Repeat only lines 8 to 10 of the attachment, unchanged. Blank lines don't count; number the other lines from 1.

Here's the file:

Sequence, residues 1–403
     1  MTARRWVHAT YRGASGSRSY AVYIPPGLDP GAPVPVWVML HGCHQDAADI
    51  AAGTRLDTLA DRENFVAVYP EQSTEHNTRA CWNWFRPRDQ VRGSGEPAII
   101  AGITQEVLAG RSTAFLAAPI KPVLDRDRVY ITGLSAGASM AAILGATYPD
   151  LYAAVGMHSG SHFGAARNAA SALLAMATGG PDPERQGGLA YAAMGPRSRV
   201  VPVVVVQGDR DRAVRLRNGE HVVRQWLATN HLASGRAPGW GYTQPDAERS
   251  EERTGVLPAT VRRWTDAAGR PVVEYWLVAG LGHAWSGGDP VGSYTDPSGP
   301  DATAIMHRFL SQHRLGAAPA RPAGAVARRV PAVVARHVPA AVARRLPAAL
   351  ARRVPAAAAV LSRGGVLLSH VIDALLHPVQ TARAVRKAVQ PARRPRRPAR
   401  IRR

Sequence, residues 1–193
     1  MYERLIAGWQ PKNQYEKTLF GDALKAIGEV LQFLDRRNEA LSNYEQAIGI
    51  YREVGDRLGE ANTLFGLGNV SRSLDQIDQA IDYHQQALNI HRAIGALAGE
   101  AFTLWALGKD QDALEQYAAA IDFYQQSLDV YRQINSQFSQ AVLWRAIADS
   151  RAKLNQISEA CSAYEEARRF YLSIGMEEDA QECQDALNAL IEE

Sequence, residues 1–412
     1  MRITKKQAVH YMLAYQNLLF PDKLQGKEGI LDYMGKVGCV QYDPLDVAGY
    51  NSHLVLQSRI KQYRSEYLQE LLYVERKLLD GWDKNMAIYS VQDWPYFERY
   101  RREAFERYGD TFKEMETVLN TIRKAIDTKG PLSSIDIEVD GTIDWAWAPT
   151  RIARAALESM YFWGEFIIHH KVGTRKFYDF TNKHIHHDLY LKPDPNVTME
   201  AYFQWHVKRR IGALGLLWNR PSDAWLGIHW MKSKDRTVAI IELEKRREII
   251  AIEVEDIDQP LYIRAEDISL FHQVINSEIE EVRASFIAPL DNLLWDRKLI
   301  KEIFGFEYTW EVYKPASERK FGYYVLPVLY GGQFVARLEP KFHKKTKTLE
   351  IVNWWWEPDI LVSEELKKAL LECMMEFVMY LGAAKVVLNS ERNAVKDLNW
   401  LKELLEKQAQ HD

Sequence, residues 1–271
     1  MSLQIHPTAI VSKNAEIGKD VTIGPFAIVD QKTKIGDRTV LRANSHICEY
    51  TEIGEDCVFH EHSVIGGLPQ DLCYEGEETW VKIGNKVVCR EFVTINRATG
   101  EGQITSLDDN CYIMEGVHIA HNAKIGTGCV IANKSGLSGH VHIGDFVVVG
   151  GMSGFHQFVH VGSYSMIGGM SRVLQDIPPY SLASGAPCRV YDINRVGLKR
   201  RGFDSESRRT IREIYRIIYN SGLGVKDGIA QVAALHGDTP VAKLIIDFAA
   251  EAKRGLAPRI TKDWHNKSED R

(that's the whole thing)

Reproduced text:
   301  DATAIMHRFL SQHRLGAAPA RPAGAVARRV PAVVARHVPA AVARRLPAAL
   351  ARRVPAAAAV LSRGGVLLSH VIDALLHPVQ TARAVRKAVQ PARRPRRPAR
   401  IRR